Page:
The genesis of modern warfare is being brought to life by DICE in the form of a grittily realistic, dynamic and destructive, immersive interactive enactment of World War 1.
Since 2002, with the introduction of Battlefield 1942, the Battlefield series has distinguished itself as the ultimate sandbox experience of war raging across land, air and sea. In October, the hugely engaging rock-paper-scissors formula of Battlefield will arrive reimagined with brutal melee tools, hair raising dogfights in rickety biplanes, ground shaking tank battles and, quite possibly, sword-wielding combat from horseback across five diverse locations.
On first impact, Battlefield 1 successfully conveys the stupefying effects of seeing a beautiful landscape transformed into a war ravaged hell hole, in which everything from the blade of a shovel to the wooden propellers of early fighter planes and heft of iconic British WW1 tanks carries an overwhelming, physical presence. Or, as Senior Producer Aleks Grøndal describes it: "The beautiful chaos of all-out war. The most believable world we have ever built."
During the world premiere in London, Grøndal went further to outline the concept of divergent technology in Battlefield 1; how cavalry on horseback shares the same theatre of war as tanks, with biplanes overhead. We are shown concept imagery of riders being thrown off horses as the aircraft swoops low, stirring up the dust as bullets hail. There is such a sense of vulnerability watching scruffily uniformed men dash through the trenches, their fragile cover crushed by the arrival of a squadron of tanks. Out in the fields, soldiers close the distance with crude melee tools, bludgeoning or running through with bayonets.
This is so very far from the Kevlar encased warfare as depicted by Battlefield 3 and 4. A machine gun will tear to shreds and break into pieces a body protected by layers of cloth. Watching a flame thrower pass over screaming victims is wince-inducing, while being up close and personal with a rider on horseback looks hugely exhilarating. Becoming the hero in these situations seems like an almighty task, and the first hurdle is to choke back the fear.
The campaign missions of Battlefield 1 are said to represent the stories of several characters, taking place in diverse locations that include the Italian Alps, Arabian deserts, and the forests and fields of France. It is described as an era of contrast and heroism, in which the intensity of the battles is accentuated by the heavy artillery, with bombardments that transform the landscape. Indeed, the enthusiasm for destruction has apparently been dialled back after early playtests revealed that there was nowhere left to hide as cover simply crumbled.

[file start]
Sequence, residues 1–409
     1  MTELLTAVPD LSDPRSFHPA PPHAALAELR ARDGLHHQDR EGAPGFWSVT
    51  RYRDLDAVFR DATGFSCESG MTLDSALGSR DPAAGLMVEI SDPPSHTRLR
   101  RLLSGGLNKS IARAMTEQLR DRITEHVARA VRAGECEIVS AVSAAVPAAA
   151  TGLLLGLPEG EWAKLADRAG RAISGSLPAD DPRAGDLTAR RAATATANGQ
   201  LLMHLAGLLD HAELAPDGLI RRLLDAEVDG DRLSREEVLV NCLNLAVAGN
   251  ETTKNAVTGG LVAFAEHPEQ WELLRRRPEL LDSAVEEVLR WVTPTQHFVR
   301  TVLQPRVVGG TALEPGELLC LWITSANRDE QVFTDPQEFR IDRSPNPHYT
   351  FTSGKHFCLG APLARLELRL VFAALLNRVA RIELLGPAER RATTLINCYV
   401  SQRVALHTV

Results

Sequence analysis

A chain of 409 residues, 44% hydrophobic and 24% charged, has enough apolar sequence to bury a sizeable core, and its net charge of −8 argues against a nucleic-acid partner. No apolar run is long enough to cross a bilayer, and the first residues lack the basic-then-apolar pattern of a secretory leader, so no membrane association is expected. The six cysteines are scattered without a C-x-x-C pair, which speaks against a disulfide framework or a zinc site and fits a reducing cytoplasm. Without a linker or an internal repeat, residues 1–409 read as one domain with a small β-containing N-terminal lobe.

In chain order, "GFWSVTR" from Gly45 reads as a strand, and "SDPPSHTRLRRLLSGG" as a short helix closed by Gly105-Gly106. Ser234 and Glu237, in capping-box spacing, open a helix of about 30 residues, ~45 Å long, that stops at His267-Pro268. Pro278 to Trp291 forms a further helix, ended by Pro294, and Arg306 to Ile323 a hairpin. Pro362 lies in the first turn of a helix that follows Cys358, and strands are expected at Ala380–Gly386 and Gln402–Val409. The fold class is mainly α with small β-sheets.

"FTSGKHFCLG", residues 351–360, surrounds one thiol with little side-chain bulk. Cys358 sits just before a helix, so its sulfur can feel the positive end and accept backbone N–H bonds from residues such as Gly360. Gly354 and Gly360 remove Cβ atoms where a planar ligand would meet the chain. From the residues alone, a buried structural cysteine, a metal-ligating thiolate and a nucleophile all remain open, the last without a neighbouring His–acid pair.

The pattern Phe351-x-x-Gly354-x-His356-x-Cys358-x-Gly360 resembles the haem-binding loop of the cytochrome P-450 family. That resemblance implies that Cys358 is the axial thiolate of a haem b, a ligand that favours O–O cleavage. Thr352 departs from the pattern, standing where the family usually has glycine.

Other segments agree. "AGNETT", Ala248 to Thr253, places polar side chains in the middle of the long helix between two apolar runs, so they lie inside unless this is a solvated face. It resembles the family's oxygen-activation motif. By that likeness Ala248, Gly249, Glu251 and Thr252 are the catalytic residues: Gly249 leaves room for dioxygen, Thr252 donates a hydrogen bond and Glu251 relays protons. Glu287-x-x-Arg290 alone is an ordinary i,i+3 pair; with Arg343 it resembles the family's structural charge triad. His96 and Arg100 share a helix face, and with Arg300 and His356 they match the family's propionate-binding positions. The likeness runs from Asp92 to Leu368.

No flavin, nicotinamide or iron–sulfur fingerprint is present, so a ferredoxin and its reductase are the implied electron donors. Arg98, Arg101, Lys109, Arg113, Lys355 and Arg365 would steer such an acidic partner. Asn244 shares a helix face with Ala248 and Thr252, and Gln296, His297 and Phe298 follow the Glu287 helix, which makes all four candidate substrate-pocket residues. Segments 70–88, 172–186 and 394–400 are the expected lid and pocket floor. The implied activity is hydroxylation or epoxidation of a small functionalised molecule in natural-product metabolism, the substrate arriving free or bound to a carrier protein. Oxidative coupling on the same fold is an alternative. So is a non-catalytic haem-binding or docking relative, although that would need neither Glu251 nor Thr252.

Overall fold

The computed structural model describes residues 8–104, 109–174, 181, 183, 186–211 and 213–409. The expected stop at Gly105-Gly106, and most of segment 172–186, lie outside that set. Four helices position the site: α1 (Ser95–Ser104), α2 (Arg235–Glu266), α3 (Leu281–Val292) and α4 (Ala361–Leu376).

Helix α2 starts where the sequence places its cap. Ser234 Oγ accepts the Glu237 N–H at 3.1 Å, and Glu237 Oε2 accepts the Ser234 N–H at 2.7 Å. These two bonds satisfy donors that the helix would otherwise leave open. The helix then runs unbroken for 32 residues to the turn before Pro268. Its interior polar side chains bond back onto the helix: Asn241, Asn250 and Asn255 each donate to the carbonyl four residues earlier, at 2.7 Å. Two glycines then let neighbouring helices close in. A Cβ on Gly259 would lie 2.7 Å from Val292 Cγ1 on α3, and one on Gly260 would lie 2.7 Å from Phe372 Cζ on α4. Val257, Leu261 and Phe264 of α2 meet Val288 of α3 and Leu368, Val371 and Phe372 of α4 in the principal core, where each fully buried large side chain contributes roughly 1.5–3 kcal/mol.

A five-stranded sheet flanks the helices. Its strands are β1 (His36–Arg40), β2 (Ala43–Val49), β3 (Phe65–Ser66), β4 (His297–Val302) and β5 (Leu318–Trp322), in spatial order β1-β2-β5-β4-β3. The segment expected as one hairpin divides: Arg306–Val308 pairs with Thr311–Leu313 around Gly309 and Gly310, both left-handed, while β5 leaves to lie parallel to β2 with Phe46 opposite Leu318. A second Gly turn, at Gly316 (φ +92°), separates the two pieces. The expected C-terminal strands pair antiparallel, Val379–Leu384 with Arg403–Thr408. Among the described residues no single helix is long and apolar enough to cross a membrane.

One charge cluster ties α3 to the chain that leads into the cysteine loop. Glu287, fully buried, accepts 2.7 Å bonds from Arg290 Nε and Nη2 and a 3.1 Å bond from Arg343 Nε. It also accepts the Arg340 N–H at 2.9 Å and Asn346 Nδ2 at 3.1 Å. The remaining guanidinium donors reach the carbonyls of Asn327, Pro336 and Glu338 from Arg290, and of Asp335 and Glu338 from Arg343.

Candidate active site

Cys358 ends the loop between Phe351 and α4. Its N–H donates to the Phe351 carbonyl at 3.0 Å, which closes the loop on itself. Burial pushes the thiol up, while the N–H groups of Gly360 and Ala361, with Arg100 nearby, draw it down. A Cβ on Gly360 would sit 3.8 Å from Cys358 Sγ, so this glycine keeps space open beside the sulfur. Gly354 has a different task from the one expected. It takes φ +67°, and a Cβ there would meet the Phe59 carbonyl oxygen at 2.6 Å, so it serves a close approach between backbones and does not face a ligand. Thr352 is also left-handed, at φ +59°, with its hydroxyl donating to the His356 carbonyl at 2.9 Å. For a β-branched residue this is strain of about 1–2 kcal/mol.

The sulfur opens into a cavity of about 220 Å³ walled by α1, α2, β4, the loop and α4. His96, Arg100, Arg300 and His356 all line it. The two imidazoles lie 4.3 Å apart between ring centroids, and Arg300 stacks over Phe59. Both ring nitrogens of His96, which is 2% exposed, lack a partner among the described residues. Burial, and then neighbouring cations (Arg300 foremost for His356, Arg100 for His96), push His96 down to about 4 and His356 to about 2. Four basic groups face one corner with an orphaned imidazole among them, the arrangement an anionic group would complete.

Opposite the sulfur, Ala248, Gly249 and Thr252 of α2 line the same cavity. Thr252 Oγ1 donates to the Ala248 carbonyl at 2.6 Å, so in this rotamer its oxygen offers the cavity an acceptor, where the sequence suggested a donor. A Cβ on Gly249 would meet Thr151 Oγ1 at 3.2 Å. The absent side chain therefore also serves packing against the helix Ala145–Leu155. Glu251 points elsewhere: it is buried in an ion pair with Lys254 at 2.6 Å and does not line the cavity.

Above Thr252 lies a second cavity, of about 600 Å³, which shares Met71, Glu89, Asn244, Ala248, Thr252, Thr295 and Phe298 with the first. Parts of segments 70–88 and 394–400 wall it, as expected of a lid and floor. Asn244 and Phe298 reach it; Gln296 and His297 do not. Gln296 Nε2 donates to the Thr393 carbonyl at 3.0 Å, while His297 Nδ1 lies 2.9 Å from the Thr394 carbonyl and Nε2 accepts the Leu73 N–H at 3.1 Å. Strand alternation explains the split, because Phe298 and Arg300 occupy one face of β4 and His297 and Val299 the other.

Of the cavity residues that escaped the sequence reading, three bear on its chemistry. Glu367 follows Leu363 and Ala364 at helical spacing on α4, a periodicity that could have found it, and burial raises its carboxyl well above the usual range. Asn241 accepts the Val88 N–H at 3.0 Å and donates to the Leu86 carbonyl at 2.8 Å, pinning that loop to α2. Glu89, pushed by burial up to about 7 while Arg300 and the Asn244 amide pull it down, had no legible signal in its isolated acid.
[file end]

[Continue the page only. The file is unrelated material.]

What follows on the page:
In both multiplayer scenarios and campaign, a new focus on melee tools entails strategies to close the gap on your opponent. There are various types of melee weapon, each with pros and cons, to further explore the rock-paper-scissor theme, so that players will settle on a favourite to suit their play style. And on a grander scale, there is the choice of light or heavy tanks, biplanes and bomber planes, horses (TBC) and battleships to take under control.
New character classes have been created to govern the battlefield, and so in addition to the familiar roles of Assault and Scout, there are Tank Officers and Pilots with specific rewards for completing objectives. Teamplay, as ever, will be key to success in grand scale 64-player events. However, there is a focus on ensuring that lone wolves feel a sense of contribution. To encourage team-play, however, DICE will introduce a new Persistent Squad feature in which five-man 'fire teams' engage in a variety of scenarios, jumping from one experience to another to achieve agreed goals for a long afternoon or evening.
Throughout the reveal, familiar Battlefield 'beats' such as Battlefield Moments are called out as elements upon which to hang player-choice scenarios. There's a huge emphasis on the advent of mechanised warfare juxtaposed with more traditional, low-fi alternatives, and always that rock-paper-scissor foundation that allows for a sniper bullet to eliminate a pilot.
Although the tools at our disposal will be crude in comparison to what we're used to in Battlefield 4, there will be weapon customisation (more information on this will be revealed in the coming months). To make up for this lack of visibility, we are teased with the prospect of gas warfare, in which even a field smothered in poison can be countered by a team equipped with gas masks. All aspects of combat are nuanced in such a way. Again, the melee combat is a great example of how judging the space between combatants and the effectiveness of every single device that has potential to harm comes into play. DICE has filled in all the gaps, and everything has a strategic element, everything is balanced, weighed, to bring the battlefield closer together.
Aleks Grøndal is promising that Battlefield 1 is a huge game, and that this evening's presentation has only scratched at the surface. Our next opportunity to find out more will be during the EA Play event running through 12-14 June in London and Los Angeles, and there will be early access later this year for players signing up on Battlefield Insider via Battlefield.com. The worldwide release for Battlefield 1 is October 21, but those that purchase the Early Enlister edition can begin playing from October 18, and ahead of all that you'll be able to play Battlefield 1 first on PC and Xbox One via EA/Origin Access .
Until now, we've only had Verdun, the WWI shooter on PC, to capture a sense of this era. But from the evidence of our own eyes, and the passionate words of creative director Lars Gustavsson, there is much to look forward to in this game in which DICE are "depicting the transition of old world to the new world, the end of four different empires".